In the past week, the Bitcoin network has made progress in resolving its congestion issues. On May 7, 2023, the number of unconfirmed transactions reached an all-time high of over 500,000 transfers, causing a major backlog. However, as of today, that number has been reduced to 263,406. Currently, 184 blocks need to be cleared to process the majority of transactions that are still stuck in the network’s mempool.
Congestion Woes Ease on Bitcoin Network
The long queue of transactions is finally starting to subside as bitcoin miners have started catching up with some of the backlog. As we reported three days ago, Bitcoin.com News noted the beginning of the congestion-clearing process, with unconfirmed transactions dropping from over 500,000 on May 7 to just above 300,000 on Thursday, May 11.
According to mempool.io statistics, high-priority transactions were priced at $3 per transfer, while low-priority transactions cost $2.23 per transfer at that time. Current statistics on May 14 show that onchain fees have significantly subsided on the Bitcoin blockchain over the past three days. Just a few days ago, a high-priority transaction would have cost $3, but today, that fee has dropped to $0.83.
A medium-priority transfer is now priced at $0.79, while a low-priority transaction can cost around $0.75. This is a significant improvement, with high-priority onchain fees sliding by 72.33% over the past 72 hours. Additionally, the number of unconfirmed transactions stuck in the queue has reduced to 263,406, which is just above half of what it held on May 7.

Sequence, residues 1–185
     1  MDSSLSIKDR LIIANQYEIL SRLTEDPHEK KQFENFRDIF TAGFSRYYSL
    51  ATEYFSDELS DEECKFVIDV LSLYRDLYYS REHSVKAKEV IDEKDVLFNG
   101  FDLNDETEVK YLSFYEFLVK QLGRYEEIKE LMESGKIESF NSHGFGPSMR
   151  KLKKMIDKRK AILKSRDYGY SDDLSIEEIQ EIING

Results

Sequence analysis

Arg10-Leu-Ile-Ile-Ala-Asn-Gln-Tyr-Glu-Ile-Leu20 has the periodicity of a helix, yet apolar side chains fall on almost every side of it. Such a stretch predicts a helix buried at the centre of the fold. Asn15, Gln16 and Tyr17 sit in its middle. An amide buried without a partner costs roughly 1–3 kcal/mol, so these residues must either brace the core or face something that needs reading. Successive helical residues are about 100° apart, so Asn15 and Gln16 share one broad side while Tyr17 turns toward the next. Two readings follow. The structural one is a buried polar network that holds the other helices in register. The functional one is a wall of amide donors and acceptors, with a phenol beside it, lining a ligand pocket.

Lightning Network Capacity and Channels Drop
On May 9, the number of transactions was around 413,420, which means that 36.28% of the backlog has been cleared in the past five days. While fees skyrocketed to roughly $30 per transaction on May 7 and have been quite volatile lately, the Lightning Network’s capacity did not improve. In fact, the number of BTC locked into the Lightning Network dropped from 5,463 BTC on May 5 to today’s capacity of 5,415 BTC on May 14.
The dip indicates that roughly $1.28 million in value left the Lightning Network amid the transaction backlog chaos. On May 8, the Lightning Network boasted 73,352 unique channels. However, that number has since decreased to the current 71,286 unique channels. According to mempool.space’s Lightning Network metrics, roughly 5,057 BTC in capacity is on clearnet, while 253 BTC of capacity is using Tor. The remaining Lightning Network capacity is identified as “other.”
What are your thoughts on the recent developments in the Bitcoin network and the Lightning Network’s capacity? Share your insights in the comments section below.